listened, and tried to learn, for the sake of my mother, and in loving

memory of her, although it was a pain to me, as realizing what she was

losing out of her life and I gaining nothing at all; for try as I might,

I was never able to make anything out of it at all.


Other times I lay on the floor in the mistress's work-room and slept, she

gently using me for a foot-stool, knowing it pleased me, for it was a

caress; other times I spent an hour in the nursery, and got well tousled

and made happy; other times I watched by the crib there, when the baby

was asleep and the nurse out for a few minutes on the baby's affairs;

other times I romped and raced through the grounds and the garden with

Sadie till we were tired out, then slumbered on the grass in the shade of

a tree while she read her book; other times I went visiting among the

neighbor dogs--for there were some most pleasant ones not far away, and

one very handsome and courteous and graceful one, a curly-haired Irish

setter by the name of Robin Adair, who was a Presbyterian like me, and

belonged to the Scotch minister.


The servants in our house were all kind to me and were fond of me, and

so, as you see, mine was a pleasant life.  There could not be a happier

dog that I was, nor a gratefuller one.  I will say this for myself, for

it is only the truth:  I tried in all ways to do well and right, and

honor my mother's memory and her teachings, and earn the happiness that

had come to me, as best I could.


By and by came my little puppy, and then my cup was full, my happiness

was perfect.  It was the dearest little waddling thing, and so smooth and

soft and velvety, and had such cunning little awkward paws, and such

affectionate eyes, and such a sweet and innocent face; and it made me so

proud to see how the children and their mother adored it, and fondled it,

and exclaimed over every little wonderful thing it did.  It did seem to

me that life was just too lovely to--


Then came the winter.  One day I was standing a watch in the nursery.

That is to say, I was asleep on the bed.  The baby was asleep in the

crib, which was alongside the bed, on the side next the fireplace.  It

was the kind of crib that has a lofty tent over it made of gauzy stuff

that you can see through.  The nurse was out, and we two sleepers were

alone.  A spark from the wood-fire was shot out, and it lit on the slope

of the tent.  I suppose a quiet interval followed, then a scream from the

baby awoke me, and there was that tent flaming up toward the ceiling!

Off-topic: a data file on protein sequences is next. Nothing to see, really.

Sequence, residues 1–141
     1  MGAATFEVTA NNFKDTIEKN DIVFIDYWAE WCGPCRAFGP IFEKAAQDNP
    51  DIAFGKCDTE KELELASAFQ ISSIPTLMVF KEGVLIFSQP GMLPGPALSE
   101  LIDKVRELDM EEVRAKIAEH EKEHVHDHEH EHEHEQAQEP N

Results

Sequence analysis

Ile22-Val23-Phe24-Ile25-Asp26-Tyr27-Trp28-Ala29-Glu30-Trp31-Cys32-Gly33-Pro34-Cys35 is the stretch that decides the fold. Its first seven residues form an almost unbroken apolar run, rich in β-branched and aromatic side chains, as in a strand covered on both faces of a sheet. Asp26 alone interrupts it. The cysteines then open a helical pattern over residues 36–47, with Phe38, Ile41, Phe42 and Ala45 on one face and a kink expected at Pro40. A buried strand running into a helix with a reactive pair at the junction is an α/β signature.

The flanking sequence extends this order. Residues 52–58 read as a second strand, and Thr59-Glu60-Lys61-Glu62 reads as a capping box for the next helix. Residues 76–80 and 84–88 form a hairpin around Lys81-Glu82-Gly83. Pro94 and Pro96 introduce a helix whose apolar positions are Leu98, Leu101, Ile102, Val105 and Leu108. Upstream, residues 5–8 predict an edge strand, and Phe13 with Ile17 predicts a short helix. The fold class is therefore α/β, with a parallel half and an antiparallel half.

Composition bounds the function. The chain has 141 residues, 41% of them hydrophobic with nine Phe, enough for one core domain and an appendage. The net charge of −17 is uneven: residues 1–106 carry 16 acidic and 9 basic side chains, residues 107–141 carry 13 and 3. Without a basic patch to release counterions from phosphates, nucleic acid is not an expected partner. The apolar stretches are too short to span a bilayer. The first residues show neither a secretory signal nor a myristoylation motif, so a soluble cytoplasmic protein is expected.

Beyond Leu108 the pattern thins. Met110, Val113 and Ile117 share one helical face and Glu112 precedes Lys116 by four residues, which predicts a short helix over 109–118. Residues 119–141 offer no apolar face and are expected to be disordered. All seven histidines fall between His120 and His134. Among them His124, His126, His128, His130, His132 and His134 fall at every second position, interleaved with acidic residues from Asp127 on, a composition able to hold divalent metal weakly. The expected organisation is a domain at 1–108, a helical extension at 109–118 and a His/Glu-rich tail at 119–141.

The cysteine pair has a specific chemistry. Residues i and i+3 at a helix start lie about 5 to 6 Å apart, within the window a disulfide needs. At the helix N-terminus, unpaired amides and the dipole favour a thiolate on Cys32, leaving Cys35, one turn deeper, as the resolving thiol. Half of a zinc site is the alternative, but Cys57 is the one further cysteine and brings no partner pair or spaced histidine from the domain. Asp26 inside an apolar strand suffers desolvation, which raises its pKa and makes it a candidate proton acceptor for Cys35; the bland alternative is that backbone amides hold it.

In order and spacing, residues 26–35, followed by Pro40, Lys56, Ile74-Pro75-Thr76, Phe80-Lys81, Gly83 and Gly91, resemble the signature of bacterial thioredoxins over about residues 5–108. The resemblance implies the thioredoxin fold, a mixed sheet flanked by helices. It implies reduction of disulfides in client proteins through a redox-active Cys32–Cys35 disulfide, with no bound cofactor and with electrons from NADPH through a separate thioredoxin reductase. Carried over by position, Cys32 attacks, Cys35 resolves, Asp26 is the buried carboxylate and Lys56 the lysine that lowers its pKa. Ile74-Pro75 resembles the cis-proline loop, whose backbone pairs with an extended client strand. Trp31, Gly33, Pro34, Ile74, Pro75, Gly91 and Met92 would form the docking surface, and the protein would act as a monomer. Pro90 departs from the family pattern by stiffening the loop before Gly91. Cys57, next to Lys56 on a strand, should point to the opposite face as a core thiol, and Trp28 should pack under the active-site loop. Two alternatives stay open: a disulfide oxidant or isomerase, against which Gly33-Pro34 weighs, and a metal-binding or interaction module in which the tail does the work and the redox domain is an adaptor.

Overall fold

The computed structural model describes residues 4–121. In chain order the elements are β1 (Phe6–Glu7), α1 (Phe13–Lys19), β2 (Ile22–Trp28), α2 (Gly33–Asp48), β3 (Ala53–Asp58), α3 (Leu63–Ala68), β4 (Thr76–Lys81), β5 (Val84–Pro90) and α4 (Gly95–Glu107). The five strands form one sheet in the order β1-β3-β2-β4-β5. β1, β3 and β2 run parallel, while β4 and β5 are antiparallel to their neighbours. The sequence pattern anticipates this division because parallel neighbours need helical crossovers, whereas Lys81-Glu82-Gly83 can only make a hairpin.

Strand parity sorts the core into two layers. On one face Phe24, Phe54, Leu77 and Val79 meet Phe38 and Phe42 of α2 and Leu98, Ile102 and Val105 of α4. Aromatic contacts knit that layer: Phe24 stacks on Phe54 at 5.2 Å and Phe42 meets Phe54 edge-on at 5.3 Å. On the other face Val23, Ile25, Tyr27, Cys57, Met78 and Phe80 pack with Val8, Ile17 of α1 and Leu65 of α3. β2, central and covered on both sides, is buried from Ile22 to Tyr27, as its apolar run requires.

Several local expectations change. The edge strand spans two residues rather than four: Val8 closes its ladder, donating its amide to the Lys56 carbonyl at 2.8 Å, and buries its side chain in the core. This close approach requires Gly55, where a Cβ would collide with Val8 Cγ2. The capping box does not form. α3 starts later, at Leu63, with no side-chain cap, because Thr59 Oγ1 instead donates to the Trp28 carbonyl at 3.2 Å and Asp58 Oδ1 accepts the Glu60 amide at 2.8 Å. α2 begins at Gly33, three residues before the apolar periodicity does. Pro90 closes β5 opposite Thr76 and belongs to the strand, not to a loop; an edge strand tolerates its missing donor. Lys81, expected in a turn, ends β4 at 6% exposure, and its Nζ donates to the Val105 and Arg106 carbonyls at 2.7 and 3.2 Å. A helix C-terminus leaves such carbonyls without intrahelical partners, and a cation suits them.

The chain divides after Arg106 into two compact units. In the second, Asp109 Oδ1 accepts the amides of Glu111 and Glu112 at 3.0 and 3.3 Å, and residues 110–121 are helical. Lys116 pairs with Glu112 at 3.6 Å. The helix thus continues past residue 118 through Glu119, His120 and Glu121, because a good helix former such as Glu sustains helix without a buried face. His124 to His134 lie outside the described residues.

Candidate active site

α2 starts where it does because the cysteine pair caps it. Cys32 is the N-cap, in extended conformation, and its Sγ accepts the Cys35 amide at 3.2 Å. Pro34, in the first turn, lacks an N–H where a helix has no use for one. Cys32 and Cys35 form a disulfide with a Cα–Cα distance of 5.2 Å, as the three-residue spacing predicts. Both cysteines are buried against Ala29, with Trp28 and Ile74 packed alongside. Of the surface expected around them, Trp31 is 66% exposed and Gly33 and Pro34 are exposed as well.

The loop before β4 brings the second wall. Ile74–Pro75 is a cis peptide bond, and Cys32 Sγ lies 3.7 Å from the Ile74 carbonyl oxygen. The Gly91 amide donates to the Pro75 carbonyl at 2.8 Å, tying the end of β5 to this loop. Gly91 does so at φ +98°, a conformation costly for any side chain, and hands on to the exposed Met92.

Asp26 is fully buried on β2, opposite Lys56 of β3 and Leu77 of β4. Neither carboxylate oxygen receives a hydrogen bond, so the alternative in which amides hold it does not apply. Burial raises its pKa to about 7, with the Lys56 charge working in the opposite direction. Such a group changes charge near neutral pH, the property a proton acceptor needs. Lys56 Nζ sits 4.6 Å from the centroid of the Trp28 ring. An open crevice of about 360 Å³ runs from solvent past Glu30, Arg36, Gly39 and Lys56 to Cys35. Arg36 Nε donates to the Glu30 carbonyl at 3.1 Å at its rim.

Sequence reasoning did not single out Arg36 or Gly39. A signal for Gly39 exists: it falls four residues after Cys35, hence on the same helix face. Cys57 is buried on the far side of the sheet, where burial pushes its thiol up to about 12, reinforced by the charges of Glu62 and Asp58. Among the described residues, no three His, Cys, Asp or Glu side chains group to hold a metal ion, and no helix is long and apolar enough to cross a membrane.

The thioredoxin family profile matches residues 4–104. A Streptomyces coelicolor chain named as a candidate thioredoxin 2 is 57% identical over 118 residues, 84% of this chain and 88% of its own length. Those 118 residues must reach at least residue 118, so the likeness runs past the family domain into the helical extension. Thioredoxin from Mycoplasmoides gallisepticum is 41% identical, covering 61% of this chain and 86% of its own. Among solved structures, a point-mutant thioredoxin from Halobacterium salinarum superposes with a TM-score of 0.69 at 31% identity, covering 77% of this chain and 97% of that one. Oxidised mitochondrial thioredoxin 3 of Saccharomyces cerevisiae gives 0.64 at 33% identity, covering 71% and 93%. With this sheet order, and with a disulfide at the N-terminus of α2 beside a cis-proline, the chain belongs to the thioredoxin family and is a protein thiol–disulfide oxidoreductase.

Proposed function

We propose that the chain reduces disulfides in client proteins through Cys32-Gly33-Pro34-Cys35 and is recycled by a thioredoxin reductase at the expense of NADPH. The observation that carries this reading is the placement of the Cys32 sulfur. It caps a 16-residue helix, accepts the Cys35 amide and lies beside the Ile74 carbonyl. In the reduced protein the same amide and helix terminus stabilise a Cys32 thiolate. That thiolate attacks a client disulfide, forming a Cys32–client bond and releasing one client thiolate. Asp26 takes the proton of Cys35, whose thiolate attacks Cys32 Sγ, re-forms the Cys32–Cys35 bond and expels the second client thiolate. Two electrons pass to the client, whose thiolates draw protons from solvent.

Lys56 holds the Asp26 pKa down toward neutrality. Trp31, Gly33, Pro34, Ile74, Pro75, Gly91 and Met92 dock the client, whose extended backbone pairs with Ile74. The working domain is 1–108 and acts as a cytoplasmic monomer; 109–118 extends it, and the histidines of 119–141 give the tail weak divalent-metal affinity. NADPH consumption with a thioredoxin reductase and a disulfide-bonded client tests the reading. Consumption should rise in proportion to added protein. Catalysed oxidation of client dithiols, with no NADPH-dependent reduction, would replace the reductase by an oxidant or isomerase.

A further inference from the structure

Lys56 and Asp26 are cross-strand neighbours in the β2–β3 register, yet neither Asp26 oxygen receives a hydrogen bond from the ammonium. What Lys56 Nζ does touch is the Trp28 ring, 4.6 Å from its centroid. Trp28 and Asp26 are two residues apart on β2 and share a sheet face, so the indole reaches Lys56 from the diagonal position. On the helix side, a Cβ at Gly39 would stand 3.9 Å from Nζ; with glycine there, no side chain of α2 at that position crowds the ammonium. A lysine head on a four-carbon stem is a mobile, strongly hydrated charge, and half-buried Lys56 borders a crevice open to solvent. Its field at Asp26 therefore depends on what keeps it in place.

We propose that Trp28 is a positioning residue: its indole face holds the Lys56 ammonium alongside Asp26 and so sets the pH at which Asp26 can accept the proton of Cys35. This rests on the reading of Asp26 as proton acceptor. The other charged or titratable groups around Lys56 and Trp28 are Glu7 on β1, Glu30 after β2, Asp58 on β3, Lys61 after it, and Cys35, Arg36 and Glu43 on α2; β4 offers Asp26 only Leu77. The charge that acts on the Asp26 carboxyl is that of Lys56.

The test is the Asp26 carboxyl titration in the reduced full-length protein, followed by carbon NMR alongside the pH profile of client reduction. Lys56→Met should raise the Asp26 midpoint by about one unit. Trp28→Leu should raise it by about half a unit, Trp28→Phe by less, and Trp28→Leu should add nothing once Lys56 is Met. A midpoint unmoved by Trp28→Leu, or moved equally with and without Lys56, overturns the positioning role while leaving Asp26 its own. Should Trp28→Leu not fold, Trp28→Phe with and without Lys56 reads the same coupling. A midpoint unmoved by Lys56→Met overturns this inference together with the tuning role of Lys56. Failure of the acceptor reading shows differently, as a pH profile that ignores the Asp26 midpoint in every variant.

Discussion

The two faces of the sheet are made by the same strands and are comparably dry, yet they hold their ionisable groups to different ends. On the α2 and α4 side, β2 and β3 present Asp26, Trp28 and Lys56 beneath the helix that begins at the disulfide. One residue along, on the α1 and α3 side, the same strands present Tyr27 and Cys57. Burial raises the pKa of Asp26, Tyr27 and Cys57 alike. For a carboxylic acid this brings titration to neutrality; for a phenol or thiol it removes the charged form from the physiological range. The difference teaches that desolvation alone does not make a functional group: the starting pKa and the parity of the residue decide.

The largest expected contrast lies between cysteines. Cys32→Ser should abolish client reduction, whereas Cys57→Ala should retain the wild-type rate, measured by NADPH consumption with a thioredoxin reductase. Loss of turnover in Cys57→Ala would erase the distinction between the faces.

Before I could think, I sprang to the floor in my fright, and in a second

was half-way to the door; but in the next half-second my mother's

farewell was sounding in my ears, and I was back on the bed again.

I reached my head through the flames and dragged the baby out by the

waist-band, and tugged it along, and we fell to the floor together in a

cloud of smoke; I snatched a new hold, and dragged the screaming little

creature along and out at the door and around the bend of the hall, and

was still tugging away, all excited and happy and proud, when the

master's voice shouted:


"Begone you cursed beast!" and I jumped to save myself; but he was

furiously quick, and chased me up, striking furiously at me with his

cane, I dodging this way and that, in terror, and at last a strong blow

fell upon my left foreleg, which made me shriek and fall, for the moment,

helpless; the cane went up for another blow, but never descended, for the

nurse's voice rang wildly out, "The nursery's on fire!" and the master

rushed away in that direction, and my other bones were saved.


The pain was cruel, but, no matter, I must not lose any time; he might

come back at any moment; so I limped on three legs to the other end of

the hall, where there was a dark little stairway leading up into a garret

where old boxes and such things were kept, as I had heard say, and where

people seldom went.  I managed to climb up there, then I searched my way

through the dark among the piles of things, and hid in the secretest

place I could find.  It was foolish to be afraid there, yet still I was;

so afraid that I held in and hardly even whimpered, though it would have

been such a comfort to whimper, because that eases the pain, you know.

But I could lick my leg, and that did some good.


For half an hour there was a commotion downstairs, and shoutings, and

rushing footsteps, and then there was quiet again.  Quiet for some

minutes, and that was grateful to my spirit, for then my fears began to